We’ve all made design mistakes. Yes, even members of team domino. Impulse buys, a change in personal style, and painting snafus happen, no matter how hard we try to craft our happiest homes. The silver lining? You, our readers, can learn from—and avoid making—these mistakes. Continue reading for lessons and laughs.
Emily Hamilton, Ad Operations Manager
“I blanked in IKEA [editor’s note: as we’ve all done before] and bought an area rug that I did not need and that didn’t work in the space. It still remains in my living room closet.”
Lists are your friend. While shopping around is an effective way to see what is on the market (and for how much), go with the intent to browse or shop. If you know you won’t be able to resist an impulse purchase, like Emily, come prepared with measurements of your space and a detailed idea in your head of what you want.
Elaina Sullivan, Style Editor
“I had a bright, airy apartment and wanted it to be completely white, like a gallery. I had always heard Decorator’s White by Benjamin Moore was the way to go, but it ended up feeling too sterile in the space. I went back to Benjamin Moore to ask for their suggestions.”
Needless to say, an unsuspecting hardware employee recommended Chantilly Lace instead, and it was just the right shade.
If your wall color isn’t right, don’t settle and leave it. This is your home, so take the time and effort to make it perfect. And always, always listen to experts like hardware store employees.
Alyssa Clough, Assistant Digital and Social Media Editor
“Before moving to New York City, I was really drawn to darker interiors. I even painted my walls black (which worked!), but it was the dark, black furniture and accessories that I can now see really brought the space down.”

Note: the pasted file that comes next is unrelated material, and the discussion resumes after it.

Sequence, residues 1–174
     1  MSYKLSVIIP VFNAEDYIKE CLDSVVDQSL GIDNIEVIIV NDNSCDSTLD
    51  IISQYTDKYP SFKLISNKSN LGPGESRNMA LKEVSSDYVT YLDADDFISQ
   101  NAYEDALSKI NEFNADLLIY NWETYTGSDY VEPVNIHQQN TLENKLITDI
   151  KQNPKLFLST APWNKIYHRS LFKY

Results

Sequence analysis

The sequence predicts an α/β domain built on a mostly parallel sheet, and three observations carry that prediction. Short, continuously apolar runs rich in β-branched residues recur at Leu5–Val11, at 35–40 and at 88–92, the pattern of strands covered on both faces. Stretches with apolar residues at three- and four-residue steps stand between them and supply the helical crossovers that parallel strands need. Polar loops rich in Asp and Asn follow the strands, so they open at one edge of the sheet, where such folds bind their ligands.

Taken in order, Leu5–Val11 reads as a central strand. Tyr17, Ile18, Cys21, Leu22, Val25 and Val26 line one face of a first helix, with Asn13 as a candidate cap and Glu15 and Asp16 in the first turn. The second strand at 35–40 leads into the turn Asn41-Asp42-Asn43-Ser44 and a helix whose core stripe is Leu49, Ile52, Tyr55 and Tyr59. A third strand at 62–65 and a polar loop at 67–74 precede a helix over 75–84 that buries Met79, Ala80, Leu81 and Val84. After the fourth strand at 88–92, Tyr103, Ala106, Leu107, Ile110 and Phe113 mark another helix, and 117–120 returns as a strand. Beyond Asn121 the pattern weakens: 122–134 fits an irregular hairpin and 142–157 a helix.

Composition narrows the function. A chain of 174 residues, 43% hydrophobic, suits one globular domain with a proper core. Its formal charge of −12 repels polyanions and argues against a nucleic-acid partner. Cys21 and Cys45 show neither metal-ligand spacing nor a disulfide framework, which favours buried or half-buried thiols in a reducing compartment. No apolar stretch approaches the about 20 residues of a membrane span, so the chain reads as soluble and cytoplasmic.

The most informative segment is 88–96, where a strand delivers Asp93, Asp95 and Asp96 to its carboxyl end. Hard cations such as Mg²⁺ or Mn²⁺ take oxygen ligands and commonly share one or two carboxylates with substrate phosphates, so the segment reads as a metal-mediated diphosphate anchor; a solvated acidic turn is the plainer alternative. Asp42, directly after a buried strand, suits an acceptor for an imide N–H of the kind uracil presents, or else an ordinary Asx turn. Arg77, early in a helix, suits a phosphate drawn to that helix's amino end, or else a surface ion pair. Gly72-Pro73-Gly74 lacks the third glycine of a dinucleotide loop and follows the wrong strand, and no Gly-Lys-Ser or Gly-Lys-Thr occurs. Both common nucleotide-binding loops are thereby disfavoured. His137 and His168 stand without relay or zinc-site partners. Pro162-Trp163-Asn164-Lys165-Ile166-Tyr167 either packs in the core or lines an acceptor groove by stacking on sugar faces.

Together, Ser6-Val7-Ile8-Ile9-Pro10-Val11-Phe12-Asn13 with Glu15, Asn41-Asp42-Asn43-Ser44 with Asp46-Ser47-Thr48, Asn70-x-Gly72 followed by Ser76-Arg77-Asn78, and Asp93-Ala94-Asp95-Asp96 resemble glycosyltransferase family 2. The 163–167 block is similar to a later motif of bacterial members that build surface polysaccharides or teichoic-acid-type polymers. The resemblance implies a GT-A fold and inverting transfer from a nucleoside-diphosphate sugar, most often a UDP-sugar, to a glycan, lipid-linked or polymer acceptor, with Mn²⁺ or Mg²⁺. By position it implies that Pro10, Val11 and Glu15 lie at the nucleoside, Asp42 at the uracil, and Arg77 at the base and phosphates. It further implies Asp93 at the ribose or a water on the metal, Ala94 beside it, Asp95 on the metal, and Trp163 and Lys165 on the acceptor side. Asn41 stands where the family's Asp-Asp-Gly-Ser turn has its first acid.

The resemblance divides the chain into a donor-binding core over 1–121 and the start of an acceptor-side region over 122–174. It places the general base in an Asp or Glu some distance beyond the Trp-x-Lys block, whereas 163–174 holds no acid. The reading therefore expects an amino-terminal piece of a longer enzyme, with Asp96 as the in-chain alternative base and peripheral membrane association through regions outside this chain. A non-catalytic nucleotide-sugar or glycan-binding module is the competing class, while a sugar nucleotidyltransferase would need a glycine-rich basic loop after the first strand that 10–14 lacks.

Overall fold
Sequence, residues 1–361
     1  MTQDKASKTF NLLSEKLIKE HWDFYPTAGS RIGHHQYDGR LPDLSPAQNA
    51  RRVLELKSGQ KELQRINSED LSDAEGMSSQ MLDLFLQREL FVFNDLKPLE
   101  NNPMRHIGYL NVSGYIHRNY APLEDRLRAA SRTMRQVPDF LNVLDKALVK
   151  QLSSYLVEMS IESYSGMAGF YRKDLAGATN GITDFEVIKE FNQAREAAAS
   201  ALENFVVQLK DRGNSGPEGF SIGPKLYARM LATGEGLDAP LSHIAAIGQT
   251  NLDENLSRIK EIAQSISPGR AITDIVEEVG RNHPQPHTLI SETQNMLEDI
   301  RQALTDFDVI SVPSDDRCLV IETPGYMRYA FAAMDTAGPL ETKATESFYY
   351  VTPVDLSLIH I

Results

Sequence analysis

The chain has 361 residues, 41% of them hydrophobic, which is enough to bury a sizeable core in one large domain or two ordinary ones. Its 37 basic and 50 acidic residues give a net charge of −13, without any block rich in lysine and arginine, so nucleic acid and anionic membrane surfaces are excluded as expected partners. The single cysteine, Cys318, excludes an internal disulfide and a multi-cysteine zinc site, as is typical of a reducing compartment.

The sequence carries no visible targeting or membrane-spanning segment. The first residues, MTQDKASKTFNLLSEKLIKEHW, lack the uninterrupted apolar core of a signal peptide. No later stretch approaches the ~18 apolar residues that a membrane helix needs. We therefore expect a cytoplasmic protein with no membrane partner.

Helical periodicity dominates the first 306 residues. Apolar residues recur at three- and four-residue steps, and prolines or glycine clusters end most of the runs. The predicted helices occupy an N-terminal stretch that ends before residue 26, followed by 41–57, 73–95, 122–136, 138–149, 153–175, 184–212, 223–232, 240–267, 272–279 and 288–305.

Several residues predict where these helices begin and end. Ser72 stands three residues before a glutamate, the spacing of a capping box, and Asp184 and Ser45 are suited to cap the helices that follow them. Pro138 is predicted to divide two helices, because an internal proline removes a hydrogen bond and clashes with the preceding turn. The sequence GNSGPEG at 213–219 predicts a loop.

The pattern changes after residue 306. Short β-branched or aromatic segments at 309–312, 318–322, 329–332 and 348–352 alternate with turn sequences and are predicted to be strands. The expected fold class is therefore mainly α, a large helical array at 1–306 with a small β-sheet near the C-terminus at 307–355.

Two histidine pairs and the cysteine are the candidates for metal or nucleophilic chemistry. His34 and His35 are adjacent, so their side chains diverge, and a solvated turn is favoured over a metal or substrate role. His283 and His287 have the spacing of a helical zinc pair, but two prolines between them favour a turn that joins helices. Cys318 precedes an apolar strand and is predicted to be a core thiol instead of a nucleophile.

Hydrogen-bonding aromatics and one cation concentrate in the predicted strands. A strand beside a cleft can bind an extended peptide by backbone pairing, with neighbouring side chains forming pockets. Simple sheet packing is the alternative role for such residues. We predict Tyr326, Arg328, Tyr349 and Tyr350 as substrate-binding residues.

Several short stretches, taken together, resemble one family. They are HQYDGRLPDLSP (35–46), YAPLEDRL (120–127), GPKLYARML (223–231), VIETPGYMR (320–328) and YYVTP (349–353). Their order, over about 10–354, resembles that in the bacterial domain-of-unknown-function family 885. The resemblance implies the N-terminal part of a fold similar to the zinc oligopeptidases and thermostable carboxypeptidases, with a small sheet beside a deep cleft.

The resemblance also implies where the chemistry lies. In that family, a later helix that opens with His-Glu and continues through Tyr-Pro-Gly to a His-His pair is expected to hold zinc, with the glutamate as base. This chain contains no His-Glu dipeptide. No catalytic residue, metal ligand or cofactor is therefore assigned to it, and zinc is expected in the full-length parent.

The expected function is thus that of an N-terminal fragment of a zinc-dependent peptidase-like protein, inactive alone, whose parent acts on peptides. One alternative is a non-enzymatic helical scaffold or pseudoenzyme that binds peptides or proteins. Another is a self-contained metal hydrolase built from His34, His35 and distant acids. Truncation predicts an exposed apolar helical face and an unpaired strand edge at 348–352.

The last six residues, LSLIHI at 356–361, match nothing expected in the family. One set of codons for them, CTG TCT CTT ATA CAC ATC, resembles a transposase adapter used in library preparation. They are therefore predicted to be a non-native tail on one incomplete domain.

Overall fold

Think of how your big furniture pieces and smaller accessories will visually impact your space. Choosing larger pieces in dark colors has the potential to darken your space, which might even make it feel smaller. Instead, try balancing your space with a mix of light, dark, and colorful accents.
Shani Silver, Digital Director
“I painted my bedroom purple (like Monica and Rachel’s apartment purple) my junior year of college. It was a sheetrock wall so it was REALLY hard to evenly paint it. The end result was uneven and I had to paint it back six months later. Sigh.”
Don’t shy away from bold wall colors, but if you’re going to paint your own space, do so correctly. That means reading up on techniques and being prepared with all the right supplies.
Anna Kocharian, Digital Editor
“I tend to go overboard with the monochrome look, and don’t use enough color in my space. Even though I know there should be a delicate balance between the two, it’s hard to resist.”
Recognize your tendencies and take actions to correct them before you take action, like buying an investment piece. Asking friends and family for a second opinion usually helps.
(Pst, love monochrome but want to balance your space more? We can help.)
Emily Possenriede, Senior Site Merchandiser
“I accepted a Pottery Barn sectional from family when I first got out of school… It was a brick red color. I thought I could work my design around it, but it was always this huge red elephant in the room. So not recovering it and investing in that cost was a HUGE mistake.”
Accept hand-me-downs, but make them your own. And unlike Emily’s assumption, those solutions do not always have to be costly. Her design challenge could have been solved in a matter of minutes, as there are ways to cover a sofa without resorting to reupholstery. With some research and a DIY spirit, most hand-me-downs can easily be transformed.
Sarah Bracy Penn, Editorial Intern
“I regret asking my mom to decorate my room in pink, green, and black in fourth grade. She made me live with all that funky animal print fabric and lime green wall color until I was an adult! I finally convinced her to paint the walls white this year, and we’re in the process of antiquing to find cool new pieces to fill the once dreadfully bright space.”
Consider how you will feel about your chosen design as the years wear on. If you’re going to commit to a bright, bold, or trendy look, think about how the space will fit your needs not just now, but in the future.